"He took giant assets for free," Putin said of Potanin. "But nothing has been done as far as his investment program is concerned. He bought [OGK-3] for 81.7 billion rubles. And he got 81.7 billion in state [handouts]. Essentially, he got a huge asset for free. Alright, so he got a huge asset for free. But there are obligations regarding investment problems. And nothing is being done."

In all, Putin said, 66 billion rubles ($2.2 billion) out of the 450 billion roubles raised by the electricity selloff had been used for "speculation".

Electricity stocks declined slightly soon after Putin's statements, with shares of Potanin-controlled OGK-3 slipping 1.3 per cent. Most power stocks closed on Wednesday broadly flat or slightly higher after a correction.

Message for the oligarchs

Even if it was harsh, electricity experts generally welcomed the speech as spurring investment in desperately-needed new generation capacity.
The government's proposals on the long-term capacity market, spelling out how much generation companies will be paid for new capacity, give incentives to invest, said Weaving, of Renaissance, which is 49 percent owned by Prokhorov.

"We've been waiting for a long time for this document, and its purpose is to give long-term security to investors that they will get paid at least a certain price for their capacity," Weaving said in an e-mail, adding that Putin's comments would help to funnel more private capital into the energy sector and clean up the rules of the game.

"The message to the oligarchs is that, whatever else may be tolerated in Russia's immature business environment, the Putin government is determined that power sector reform will be played out according to the rules," Weaving said.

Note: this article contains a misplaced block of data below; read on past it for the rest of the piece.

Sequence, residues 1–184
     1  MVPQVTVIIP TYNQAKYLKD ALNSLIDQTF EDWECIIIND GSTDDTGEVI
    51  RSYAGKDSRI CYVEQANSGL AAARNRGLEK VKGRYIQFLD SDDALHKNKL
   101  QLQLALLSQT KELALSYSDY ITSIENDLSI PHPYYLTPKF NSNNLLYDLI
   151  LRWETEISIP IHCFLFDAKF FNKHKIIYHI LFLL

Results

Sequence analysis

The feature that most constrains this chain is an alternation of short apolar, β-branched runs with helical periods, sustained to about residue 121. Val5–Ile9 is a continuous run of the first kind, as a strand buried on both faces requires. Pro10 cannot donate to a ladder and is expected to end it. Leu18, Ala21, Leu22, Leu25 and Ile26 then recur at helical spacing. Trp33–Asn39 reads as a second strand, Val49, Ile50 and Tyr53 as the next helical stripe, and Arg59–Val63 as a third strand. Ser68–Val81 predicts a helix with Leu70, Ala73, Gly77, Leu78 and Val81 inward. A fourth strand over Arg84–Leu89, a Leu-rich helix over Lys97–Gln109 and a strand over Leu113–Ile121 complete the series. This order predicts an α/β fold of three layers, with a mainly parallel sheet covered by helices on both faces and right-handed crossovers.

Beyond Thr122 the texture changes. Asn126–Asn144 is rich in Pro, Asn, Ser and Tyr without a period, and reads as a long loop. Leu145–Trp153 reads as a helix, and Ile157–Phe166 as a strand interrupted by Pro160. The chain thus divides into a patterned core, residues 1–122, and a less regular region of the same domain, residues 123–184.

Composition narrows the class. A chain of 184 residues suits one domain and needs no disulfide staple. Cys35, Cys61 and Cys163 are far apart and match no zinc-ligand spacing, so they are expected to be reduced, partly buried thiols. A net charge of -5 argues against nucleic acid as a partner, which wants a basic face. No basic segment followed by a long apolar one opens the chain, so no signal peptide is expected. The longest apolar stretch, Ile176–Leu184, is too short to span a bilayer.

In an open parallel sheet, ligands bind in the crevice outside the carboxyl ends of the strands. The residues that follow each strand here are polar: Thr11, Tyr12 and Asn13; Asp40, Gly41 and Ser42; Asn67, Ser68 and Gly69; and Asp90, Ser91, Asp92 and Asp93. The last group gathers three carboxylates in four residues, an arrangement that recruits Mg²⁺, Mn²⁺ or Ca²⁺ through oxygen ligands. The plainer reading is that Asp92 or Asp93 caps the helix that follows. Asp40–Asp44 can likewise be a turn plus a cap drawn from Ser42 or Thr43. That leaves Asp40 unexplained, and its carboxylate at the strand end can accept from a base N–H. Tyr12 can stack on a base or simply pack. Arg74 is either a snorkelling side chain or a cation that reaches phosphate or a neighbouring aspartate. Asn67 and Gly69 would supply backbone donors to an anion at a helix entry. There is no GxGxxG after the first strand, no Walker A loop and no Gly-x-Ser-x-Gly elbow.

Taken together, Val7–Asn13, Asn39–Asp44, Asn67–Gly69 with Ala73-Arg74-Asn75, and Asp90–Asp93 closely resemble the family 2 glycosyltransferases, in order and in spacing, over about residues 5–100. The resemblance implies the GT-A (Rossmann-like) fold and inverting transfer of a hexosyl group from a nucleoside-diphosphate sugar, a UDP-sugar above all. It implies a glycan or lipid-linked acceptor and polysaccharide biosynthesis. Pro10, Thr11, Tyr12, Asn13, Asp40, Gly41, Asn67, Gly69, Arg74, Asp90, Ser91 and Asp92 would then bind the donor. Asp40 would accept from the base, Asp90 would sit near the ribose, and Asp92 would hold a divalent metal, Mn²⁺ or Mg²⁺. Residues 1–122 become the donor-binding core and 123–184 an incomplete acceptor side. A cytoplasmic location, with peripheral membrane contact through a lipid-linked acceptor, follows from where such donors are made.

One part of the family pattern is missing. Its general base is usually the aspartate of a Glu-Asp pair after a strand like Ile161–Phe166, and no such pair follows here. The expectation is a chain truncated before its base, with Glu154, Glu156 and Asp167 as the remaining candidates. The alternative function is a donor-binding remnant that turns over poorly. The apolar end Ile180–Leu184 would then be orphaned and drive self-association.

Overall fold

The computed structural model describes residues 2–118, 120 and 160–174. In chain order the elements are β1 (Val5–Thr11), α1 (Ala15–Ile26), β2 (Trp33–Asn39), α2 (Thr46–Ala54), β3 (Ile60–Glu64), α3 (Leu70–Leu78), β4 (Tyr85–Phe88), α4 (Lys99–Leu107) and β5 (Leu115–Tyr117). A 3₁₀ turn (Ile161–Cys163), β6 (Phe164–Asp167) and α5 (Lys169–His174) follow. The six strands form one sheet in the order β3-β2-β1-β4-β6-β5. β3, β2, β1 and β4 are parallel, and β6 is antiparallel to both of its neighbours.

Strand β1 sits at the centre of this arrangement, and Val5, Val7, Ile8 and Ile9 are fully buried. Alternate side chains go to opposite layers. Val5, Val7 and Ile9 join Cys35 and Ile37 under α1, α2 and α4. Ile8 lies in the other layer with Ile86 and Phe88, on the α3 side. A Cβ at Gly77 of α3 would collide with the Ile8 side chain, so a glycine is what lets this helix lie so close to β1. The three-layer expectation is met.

It was unlikely that power assets would be taken away from private investors, Weaving said. The only way that would happen is if proprietors "prove to be utterly inept in managing them," he said.

"The government has shown... it can use both the stick and the carrot to motivate investors," said Igor Goncharov, electricity analyst at UBS. No "significant direct monetary penalties or re-privatization" are likely, Goncharov said, adding that instead, the "non-behaving investors we be punished by getting less carrot."

VTB called the approval of the long-term capacity market "a positive move and an important milestone for [generating companies] as it might improve profitability."

Some experts said the government was partly to blame for the lack of investment, as it had dragged its feet on capacity market rules.

"Generators postponed investments because the government delayed adoption of the long-term capacity market rules," said Dmitry Bulgakov, an electricity analyst at Deutsche Bank in Moscow. "Gencos need visibility when they invest billions of dollars into new equipment."

Private investors would probably need to see more details of Putin's plan before making new commitments, Bulgakov added